OKLAHOMA CITY (Legal Newsline) – In a decision issued June 20, the Oklahoma Supreme Court voted unanimously that surgeons should seek patient consent before using non-doctors to assist with a surgery.

The court overturned district and state appeals court rulings dismissing Dana Hurley’s lawsuit against gynecologist Mary Kirk, surgical assistant Art Bowen, Tulsa Spine and Specialty Hospital LLC, and the Woman’s Health Group Inc., after a laparoscopic hysterectomy in which Hurley suffered a perforated ureter. 

Justice Tom J. Colbert wrote that “Dr. Kirk had a duty to disclose to Hurley, the use of Bowen,” a freelance surgical assistant who was neither a doctor, nor employed directly by Kirk or the hospital where the surgery took place.

Prior to her surgery, Hurley signed a consent form authorizing Kirk, along with anyone Kirk designated, to perform a laparoscopic hysterectomy. Kirk sought out and was assisted by Art Bowen, who was certified as an emergency medical technician, surgical Tech, first assistant, and licensed practical nurse, but was not a doctor. Hurley only found out about Bowen’s involvement after the surgery was over, the suit states. 

According to the court, this violated state laws on patient informed consent, because “A physician’s duty to disclose is the foundation of the informed consent doctrine.”

On July 10, 2010, Kirk and Bowen performed the hysterectomy on Hurley. During the surgery, Hurley’s ureter was perforated, requiring Kirk to keep the patient under anesthesia for five hours while waiting for another surgeon to repair the damage, the suit states. During recovery from her injury, Hurley had to use a catheter and allegedly suffered from pain and other temporary impairments.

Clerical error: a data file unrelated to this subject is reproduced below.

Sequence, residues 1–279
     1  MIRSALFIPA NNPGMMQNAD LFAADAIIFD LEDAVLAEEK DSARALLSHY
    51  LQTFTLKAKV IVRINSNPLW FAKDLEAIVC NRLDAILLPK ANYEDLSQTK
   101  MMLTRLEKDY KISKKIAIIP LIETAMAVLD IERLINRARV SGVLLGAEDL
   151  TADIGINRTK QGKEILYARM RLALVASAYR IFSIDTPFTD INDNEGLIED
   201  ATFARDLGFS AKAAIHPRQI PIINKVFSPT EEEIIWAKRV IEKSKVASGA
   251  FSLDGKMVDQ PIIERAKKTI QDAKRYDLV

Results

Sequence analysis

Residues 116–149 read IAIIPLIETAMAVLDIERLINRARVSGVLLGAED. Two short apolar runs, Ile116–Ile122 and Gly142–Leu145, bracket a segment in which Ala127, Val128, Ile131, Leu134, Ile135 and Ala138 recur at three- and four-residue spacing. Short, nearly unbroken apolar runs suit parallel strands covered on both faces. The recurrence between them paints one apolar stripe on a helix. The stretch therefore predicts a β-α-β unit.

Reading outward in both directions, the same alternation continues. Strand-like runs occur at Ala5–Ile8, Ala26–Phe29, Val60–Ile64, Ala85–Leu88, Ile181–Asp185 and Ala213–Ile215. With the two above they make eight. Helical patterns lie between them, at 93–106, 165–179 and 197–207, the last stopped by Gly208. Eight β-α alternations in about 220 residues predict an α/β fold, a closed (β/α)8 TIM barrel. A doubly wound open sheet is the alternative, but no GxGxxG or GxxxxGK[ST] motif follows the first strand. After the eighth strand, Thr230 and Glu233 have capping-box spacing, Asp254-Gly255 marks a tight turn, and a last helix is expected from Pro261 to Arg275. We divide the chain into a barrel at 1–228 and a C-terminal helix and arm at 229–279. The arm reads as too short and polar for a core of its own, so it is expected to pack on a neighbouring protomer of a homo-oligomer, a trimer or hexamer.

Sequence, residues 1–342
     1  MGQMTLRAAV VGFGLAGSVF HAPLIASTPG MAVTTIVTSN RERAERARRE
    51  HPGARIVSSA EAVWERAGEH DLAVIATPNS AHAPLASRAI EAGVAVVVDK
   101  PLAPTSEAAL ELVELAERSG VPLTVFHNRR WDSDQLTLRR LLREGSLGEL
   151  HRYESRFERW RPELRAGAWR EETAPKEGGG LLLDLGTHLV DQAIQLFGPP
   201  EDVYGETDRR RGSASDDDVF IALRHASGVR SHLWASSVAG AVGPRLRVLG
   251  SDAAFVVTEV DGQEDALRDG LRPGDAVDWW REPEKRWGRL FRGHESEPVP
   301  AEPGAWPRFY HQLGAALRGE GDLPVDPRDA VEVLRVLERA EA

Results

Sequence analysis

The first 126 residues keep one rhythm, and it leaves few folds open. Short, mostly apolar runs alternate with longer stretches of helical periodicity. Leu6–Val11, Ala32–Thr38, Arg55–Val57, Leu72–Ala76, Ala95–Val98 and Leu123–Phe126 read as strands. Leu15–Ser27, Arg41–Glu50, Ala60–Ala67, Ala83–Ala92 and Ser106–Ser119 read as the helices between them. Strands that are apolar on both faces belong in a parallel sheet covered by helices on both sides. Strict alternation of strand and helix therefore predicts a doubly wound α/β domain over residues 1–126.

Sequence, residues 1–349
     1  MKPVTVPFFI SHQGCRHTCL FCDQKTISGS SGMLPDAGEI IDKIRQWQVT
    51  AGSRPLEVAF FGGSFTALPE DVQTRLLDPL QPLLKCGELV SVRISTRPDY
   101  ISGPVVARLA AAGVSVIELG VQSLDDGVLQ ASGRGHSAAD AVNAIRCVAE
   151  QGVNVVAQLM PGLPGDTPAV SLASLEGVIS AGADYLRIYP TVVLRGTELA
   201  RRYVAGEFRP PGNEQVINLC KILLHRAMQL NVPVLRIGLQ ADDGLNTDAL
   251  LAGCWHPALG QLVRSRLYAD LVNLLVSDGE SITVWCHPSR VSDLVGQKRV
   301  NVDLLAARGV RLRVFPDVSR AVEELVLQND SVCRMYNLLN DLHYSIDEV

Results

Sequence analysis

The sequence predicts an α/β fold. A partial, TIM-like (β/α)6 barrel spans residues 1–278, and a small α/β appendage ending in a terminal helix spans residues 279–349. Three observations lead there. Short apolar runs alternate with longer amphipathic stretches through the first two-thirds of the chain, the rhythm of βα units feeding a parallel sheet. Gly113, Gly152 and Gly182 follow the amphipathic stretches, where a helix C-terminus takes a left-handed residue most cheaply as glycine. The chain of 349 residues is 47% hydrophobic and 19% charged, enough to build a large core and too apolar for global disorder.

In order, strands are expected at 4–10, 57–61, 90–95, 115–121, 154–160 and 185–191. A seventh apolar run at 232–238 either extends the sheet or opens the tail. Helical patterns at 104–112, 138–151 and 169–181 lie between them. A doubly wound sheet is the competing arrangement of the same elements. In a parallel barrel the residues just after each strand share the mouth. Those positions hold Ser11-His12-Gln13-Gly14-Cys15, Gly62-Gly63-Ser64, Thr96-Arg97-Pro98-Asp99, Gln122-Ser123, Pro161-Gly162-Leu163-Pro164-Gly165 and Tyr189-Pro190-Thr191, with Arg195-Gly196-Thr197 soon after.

Although it is unclear who caused the injury to the ureter, and what exact role Bowen played in the surgery, at some point during the procedure Kirk delegated certain duties to Bowen, according to court documents. Kirk and Bowen allegedly both used a harmonic scalpel to cut and cauterize near the ureter while working to remove the uterus. 

Due to this uncertainty about key facts, the court refused to issue summary judgment concerning “whether a physician is absolved of liability for permitting an otherwise unqualified, inexperienced person to perform critical parts of a procedure.” 

However, the court’s decision stated that “full disclosure of all material risks incident to treatment must be made;” “no physician has carte blanche to delegate any or all tasks to a non-doctor;” and “to hold otherwise, would obliterate a patient’s freedom of choice.”

Hurley launched the lawsuit in October 2011. Following this, a district court granted summary judgment in favor of Kirk and Bowen in October 2014. This was affirmed by a state appellate panel in August 2015. The Supreme Court’s decision on June 20 reversed the district court’s order for summary judgment, and remanded the case for further proceedings.

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